The Walt Disney Co. has agreed to sell its Miramax Films to an investor group for about $660 million, ending a 17-year association with the studio and a six-month bidding process.
The New York Times and Los Angeles Times report that Disney signed the agreement late Thursday with Filmyard Holding, an investor group led by construction magnate and Hollywood outsider Ronald Tutor.
Tutor and his partners put down a nonrefundable deposit of $40 million to Disney on Thursday.
Disney had been looking to sell Miramax amid a studio overhaul because it no longer resonated with its other family centric studio units such as Pixar and Marvel.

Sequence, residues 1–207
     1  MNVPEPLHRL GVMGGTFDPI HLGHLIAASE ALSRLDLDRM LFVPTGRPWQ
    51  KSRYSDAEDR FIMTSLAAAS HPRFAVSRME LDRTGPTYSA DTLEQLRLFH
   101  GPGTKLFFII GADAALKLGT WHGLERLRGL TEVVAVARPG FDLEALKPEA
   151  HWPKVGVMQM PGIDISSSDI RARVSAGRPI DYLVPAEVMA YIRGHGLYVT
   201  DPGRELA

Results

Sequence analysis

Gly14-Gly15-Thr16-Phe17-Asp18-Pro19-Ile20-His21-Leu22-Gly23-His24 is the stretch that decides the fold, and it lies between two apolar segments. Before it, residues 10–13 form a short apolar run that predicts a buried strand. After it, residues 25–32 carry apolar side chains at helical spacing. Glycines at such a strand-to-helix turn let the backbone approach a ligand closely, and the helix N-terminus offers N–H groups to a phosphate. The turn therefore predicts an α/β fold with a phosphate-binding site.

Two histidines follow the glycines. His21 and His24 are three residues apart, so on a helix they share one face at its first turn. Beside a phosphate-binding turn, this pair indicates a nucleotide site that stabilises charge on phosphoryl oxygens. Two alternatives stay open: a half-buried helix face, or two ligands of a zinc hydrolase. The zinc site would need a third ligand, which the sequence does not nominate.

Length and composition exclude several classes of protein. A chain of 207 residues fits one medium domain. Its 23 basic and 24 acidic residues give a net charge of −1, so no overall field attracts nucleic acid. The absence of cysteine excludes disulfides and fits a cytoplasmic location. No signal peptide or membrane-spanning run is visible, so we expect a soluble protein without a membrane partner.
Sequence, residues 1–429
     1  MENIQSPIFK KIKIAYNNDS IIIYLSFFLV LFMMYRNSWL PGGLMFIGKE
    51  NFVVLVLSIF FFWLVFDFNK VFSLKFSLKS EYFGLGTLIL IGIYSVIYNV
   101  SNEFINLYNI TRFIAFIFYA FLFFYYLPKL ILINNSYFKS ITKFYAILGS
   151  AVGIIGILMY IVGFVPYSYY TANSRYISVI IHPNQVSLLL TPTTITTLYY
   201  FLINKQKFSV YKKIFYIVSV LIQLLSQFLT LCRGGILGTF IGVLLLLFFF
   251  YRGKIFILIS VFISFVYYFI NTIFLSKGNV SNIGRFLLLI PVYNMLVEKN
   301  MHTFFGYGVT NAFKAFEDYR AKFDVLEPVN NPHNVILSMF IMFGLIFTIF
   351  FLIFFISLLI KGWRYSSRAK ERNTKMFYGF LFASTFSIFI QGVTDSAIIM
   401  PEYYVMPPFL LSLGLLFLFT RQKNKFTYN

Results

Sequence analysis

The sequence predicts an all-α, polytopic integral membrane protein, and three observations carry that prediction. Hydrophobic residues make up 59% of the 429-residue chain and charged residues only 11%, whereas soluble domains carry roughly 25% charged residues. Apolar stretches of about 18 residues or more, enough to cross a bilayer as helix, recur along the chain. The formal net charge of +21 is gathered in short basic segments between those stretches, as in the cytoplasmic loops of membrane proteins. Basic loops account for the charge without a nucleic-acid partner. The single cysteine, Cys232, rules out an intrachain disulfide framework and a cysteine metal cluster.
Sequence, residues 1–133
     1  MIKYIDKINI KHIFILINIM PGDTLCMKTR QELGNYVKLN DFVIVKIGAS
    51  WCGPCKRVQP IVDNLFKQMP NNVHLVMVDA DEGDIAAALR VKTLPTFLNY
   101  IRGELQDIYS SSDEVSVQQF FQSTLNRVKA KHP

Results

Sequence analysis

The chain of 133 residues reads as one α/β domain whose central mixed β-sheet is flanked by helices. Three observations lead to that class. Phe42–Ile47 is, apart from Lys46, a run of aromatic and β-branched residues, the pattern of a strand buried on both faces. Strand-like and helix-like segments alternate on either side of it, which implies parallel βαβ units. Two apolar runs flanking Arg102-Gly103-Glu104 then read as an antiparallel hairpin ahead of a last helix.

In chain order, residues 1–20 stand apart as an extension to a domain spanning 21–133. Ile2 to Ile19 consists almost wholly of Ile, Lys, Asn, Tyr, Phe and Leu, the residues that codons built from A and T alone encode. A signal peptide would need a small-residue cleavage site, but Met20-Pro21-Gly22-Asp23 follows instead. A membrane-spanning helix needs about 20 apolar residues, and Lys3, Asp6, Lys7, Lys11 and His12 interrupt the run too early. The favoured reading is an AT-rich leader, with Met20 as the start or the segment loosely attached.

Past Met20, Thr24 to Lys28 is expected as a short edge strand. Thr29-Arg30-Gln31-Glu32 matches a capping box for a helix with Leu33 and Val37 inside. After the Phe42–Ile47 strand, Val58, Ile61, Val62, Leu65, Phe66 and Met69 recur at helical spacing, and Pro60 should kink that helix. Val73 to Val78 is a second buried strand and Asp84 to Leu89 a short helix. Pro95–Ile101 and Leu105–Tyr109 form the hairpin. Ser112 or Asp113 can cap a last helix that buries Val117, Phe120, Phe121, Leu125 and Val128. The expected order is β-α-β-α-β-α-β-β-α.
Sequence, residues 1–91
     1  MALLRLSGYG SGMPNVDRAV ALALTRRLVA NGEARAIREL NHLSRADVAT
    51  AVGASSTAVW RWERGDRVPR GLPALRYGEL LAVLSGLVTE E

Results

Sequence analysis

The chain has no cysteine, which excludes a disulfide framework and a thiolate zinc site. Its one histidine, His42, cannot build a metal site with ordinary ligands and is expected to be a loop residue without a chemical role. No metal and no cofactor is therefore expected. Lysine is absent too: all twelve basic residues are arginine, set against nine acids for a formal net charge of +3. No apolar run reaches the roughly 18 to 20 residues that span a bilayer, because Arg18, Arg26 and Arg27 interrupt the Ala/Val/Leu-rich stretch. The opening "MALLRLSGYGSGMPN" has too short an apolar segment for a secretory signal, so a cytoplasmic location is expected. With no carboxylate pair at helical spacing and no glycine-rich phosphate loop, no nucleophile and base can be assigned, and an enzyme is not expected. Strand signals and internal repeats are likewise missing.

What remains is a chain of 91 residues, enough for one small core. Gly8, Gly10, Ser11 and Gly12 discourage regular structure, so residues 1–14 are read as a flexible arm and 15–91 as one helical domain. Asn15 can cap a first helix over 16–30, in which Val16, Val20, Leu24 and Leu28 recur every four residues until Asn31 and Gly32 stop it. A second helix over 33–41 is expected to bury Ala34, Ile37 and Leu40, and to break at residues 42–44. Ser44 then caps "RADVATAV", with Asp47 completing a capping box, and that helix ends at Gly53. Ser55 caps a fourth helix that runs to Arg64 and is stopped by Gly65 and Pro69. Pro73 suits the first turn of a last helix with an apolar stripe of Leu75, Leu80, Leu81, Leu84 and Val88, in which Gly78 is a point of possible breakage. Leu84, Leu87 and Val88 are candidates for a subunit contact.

Miramax's Oscar-laden film library is full of prestigious films such as "My Left Foot" (1989), "Pulp Fiction" (1994) and "Good Will Hunting" (1997).
The label was founded in 1979 by Harvey and Bob Weinstein, who named it after their parents, Miriam and Max. It was sold to Disney for $80 million in 1993, and the brothers stayed on as managers.
The Weinstein's recent bid to buy Miramax with the financial backing of supermarket magnate Ron Burkle was halted after Burkle cut the offer price to about $565 million from $625 million.
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